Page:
We need a Future Long-Range Assault Aircraft as soon as possible

We need a Future Long-Range Assault Aircraft as soon as possible

As the Army emerges from twenty years of counter insurgency operations, it is refocusing its doctrine and warfighting capabilities to address the threats posed by peer adversaries in the European and Pacific theatres — modernizing its equipment and fielding new capabilities to soldiers.

The Army’s Future Long-Range Assault Aircraft is one of those transformational modernization programs that will provide a game-changing capability the Army does not have today.

The FLRAA program will provide the Army with the ability to fly faster, go farther and potentially carry more payload than traditional helicopters today, specifically the UH-60 Black Hawk it looks to replace. This is a game changer not only for the aviators, but for the ground force commanders.

As a former infantryman and combat commander, FLRAA will provide capabilities I did not have that can project combat power deep into the battle space to surprise and overwhelm the enemy. As the Army reorients toward peer threats, the ability to maneuver combat forces large enough to overwhelm and surprise the enemy is absolutely critical.


I commanded in Iraq and Afghanistan and conducted air assault operations routinely. Helicopters allowed me to maneuver around terrain and mass combat power on the objective — many times in very tight places — and completely overwhelm the enemy. In fact, the ability to mass combat power, infantry and equipment, directly onto the objective is the key tenet of an air assault operation.

Massing force on the objective overwhelms the enemy, catches him off guard, and allows for a quick and successful outcome. Future conflicts will require flying deep into enemy territory, making the need to mass combat power in tight and confined areas, like urban environments, even more important. When soldiers get off the aircraft in a “hot” landing zone, they want all their buddies with them. They cannot afford to wait for reinforcements. As the Army considers options for FLRAA, the ability to quickly mass combat power reduces operational risk, increases survivability and ensures success.

Another key attribute FLRAA will bring to the ground commander is the ability to operate in and around the objective area with greater lift capability and range. It is important that the next aircraft have increased capacity to sling load vehicles, heavy artillery, all classes of supply and conduct casualty evacuation with speed and precision.

One of the challenges I had in Afghanistan was getting soldiers and equipment across mountain ranges or into landing zones at high altitude and hot temperatures. The UH-60 Black Hawk helicopter, which is smaller in size, more numerous and less expensive to operate, simply did not have the power to do the traditional assault and resupply mission in these environments. This required the use of the CH-47 Chinook, a very capable, large helicopter, to perform “Black Hawk” missions.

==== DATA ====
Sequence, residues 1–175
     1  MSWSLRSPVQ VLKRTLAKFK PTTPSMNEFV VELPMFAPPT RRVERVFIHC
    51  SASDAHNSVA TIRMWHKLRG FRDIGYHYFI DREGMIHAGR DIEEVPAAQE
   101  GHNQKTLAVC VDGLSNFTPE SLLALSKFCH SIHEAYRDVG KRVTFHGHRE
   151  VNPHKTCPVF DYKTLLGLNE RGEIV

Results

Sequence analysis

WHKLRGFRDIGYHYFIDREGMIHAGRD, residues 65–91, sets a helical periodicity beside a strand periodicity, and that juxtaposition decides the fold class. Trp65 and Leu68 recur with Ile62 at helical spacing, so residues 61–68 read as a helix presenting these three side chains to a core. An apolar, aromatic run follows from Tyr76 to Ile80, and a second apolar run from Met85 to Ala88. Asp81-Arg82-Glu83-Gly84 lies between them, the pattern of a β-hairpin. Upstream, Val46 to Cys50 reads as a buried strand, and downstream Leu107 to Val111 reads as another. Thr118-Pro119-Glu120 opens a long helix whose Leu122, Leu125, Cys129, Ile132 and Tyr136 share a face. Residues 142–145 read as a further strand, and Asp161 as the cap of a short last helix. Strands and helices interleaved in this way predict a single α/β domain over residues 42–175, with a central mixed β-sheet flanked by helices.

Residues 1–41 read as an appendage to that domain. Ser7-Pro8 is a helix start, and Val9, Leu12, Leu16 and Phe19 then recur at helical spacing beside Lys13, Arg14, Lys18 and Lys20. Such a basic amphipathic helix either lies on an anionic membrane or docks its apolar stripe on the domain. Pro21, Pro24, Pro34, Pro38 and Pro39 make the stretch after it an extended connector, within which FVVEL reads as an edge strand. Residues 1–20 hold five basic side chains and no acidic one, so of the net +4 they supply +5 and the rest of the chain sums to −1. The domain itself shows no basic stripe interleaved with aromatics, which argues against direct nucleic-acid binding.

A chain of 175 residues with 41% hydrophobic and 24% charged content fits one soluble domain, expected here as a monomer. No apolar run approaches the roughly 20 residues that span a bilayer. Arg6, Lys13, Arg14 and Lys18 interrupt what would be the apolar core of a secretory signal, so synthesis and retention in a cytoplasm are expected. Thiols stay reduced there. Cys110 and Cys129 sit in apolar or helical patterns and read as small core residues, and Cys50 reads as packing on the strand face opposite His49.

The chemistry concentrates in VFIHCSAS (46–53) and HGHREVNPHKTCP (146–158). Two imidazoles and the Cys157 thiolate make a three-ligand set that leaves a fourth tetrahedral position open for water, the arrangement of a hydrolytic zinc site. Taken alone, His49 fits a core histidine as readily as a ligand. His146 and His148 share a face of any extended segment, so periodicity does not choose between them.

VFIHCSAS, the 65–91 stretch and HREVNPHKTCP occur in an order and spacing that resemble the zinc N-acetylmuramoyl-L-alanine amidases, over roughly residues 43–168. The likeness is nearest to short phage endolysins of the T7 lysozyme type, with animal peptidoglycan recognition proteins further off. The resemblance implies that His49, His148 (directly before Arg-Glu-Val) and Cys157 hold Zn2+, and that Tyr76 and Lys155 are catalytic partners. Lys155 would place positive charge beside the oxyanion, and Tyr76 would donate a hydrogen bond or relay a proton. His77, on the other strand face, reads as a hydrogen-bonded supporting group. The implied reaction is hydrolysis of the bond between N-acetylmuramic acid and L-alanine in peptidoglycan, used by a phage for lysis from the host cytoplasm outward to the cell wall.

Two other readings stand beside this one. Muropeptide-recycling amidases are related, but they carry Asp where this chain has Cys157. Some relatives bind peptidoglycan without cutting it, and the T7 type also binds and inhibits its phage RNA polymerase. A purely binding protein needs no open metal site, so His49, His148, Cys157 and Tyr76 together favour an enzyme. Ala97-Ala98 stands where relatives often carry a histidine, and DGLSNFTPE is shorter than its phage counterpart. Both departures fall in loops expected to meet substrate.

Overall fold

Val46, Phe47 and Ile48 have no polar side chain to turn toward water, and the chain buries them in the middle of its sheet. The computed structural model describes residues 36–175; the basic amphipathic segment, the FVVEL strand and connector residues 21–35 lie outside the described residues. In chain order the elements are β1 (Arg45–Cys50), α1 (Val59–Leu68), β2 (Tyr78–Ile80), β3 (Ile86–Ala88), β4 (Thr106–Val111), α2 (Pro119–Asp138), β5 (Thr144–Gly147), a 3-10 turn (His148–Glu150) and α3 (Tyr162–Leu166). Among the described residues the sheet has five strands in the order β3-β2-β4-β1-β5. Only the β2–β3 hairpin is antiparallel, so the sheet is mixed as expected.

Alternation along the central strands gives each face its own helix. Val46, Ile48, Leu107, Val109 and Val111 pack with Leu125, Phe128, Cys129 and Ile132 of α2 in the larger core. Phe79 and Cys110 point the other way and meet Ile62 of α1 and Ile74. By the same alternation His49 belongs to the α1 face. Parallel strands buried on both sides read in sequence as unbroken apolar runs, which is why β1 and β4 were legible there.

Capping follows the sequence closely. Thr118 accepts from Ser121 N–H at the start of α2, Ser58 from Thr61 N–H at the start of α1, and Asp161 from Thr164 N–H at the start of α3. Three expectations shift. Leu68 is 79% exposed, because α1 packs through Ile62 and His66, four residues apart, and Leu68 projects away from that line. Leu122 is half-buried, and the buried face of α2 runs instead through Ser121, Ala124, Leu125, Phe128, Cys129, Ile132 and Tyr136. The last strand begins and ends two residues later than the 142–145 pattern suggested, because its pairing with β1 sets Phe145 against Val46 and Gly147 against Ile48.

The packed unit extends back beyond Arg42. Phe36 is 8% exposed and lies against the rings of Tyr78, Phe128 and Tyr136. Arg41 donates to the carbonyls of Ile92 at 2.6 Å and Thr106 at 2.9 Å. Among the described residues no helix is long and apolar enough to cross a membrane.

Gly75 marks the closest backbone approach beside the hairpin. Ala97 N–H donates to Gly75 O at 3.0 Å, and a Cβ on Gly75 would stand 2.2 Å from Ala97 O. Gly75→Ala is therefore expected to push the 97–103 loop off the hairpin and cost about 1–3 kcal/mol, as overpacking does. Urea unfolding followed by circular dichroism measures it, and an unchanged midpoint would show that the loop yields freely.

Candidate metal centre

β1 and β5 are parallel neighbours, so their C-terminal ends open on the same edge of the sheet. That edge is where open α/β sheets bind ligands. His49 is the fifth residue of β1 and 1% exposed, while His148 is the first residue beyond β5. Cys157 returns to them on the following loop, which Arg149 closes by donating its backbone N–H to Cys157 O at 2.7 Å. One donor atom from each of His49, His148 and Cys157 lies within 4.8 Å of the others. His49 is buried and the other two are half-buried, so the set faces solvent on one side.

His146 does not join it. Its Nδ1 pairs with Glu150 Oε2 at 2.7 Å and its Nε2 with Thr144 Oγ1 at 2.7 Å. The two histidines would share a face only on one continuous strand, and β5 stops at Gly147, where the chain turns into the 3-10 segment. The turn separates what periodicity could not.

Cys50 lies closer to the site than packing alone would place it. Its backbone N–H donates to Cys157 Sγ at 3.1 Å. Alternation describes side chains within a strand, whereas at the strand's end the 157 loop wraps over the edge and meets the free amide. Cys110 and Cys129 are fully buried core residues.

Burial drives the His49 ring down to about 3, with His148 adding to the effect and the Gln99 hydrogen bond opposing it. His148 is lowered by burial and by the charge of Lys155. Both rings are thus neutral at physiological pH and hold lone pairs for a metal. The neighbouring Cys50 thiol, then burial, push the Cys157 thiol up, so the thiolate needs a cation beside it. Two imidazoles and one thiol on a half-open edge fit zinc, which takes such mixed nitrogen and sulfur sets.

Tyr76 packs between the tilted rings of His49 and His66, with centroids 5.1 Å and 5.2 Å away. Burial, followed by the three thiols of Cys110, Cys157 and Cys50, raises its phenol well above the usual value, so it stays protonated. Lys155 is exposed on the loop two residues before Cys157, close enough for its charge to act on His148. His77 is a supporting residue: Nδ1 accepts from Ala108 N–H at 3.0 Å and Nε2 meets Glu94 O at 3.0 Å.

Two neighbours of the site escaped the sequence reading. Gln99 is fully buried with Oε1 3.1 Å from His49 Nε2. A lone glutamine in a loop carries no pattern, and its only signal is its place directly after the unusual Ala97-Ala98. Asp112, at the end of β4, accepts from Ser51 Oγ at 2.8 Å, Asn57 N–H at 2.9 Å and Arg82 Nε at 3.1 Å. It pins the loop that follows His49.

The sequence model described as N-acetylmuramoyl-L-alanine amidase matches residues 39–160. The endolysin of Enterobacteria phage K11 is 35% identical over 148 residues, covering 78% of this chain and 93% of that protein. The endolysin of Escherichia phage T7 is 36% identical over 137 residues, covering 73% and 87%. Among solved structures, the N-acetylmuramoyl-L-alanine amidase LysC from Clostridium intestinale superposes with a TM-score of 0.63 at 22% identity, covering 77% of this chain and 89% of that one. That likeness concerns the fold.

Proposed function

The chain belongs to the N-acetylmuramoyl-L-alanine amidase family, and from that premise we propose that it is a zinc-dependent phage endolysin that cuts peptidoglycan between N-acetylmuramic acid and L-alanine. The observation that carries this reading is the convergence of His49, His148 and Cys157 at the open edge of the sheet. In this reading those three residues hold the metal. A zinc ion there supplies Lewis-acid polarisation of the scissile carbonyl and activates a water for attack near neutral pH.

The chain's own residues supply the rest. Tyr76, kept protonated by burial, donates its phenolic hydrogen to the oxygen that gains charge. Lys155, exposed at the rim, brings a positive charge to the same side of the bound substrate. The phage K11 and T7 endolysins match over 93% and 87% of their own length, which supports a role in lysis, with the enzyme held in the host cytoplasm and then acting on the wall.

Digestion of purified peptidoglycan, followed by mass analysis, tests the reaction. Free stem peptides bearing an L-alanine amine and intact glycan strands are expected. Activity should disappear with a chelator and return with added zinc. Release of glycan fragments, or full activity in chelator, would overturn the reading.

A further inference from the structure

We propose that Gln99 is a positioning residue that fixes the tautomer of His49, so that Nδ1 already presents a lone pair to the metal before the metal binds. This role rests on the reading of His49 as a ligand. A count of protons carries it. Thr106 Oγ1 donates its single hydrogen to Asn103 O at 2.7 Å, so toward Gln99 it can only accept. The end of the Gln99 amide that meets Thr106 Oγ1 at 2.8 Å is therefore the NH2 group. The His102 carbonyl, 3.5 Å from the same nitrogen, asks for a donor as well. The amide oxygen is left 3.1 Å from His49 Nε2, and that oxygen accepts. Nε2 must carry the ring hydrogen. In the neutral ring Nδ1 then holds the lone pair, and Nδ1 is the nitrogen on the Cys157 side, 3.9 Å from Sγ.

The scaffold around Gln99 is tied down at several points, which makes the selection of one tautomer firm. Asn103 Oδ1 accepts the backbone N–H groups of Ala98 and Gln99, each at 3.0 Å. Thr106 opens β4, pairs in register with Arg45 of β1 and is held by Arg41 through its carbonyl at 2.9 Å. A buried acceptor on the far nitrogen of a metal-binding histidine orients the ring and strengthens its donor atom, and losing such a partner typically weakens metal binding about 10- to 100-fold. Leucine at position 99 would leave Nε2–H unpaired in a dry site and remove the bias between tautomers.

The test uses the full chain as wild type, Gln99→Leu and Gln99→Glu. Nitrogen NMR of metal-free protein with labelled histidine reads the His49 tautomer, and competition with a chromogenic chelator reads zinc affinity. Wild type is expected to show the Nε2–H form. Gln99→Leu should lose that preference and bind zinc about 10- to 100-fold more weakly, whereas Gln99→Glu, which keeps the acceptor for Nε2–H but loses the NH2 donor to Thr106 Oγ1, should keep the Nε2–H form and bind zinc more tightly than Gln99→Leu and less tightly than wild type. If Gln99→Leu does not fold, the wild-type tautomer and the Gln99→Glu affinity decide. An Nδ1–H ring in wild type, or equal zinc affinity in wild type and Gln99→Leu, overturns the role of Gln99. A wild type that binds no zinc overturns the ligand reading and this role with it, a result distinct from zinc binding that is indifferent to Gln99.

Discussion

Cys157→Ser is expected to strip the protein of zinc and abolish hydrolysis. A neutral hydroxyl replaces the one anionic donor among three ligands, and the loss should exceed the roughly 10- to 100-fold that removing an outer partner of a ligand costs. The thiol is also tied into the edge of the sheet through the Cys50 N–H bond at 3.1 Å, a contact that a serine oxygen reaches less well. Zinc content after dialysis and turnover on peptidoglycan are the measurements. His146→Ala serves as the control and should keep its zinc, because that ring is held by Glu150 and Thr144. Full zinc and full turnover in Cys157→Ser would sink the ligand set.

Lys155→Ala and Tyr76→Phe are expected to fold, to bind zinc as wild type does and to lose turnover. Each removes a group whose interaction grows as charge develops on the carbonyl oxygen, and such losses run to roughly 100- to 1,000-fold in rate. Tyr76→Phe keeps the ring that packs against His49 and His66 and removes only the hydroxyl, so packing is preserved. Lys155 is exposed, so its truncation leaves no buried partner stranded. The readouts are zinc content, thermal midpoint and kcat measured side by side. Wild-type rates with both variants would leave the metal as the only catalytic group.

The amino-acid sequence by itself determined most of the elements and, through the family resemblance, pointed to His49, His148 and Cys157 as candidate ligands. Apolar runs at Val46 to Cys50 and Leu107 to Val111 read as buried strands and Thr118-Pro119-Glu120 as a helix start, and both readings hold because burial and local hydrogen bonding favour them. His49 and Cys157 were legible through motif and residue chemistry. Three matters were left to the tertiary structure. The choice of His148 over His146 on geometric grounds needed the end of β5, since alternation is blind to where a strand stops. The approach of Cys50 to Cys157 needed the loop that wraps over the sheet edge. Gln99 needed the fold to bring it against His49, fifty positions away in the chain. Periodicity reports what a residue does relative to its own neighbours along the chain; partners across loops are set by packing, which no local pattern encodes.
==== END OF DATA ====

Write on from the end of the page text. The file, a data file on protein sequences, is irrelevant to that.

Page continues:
These terrain challenges will remain in both the European and Pacific regions where heat and altitude limit aircraft performance. If the FLRAA, for example, can conduct an artillery raid with an M777 howitzer, its crew and ammunition to a remote location to support combat operations, that is a game changer and true combat multiplier. If FLRAA can get those mission critical items into more confined areas faster, it frees the heavy lift CH-47 for other missions the Army needs it to do.

Today, we are facing a persistent, peer threat where we must plan to fight without air or logistics dominance. As I write this, over 100,000 Russian troops are massed on Ukraine’s borders in modernized formations and equipment, with extensive air defense, long-range artillery and rockets. NATO is strengthening its capabilities along its eastern flank to deter Russian aggression and to be prepared for potential Russian operations into NATO territory.

If the Army has to fight, this won’t be counterinsurgency — this will be high-intensity war in multinational formations in a heavily contested electronic warfare environment against a very lethal enemy. More than ever, we need the next generation long-range air assault aircraft, the namesake of the program, to have the transformational capacity to mass soldiers and equipment onto an objective, achieve the element of surprise and serve as a true combat multiplier. We needed FLRAA yesterday.

Lt. Gen. (Ret.) Ben Hodges is the former commander of U.S. Army Europe. He currently holds the Pershing chair in strategic studies at the Center for European Policy Analysis.

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About the Author

Tony Beasley
Tony Beasley writes for the Local News, US and the World Section of ANH.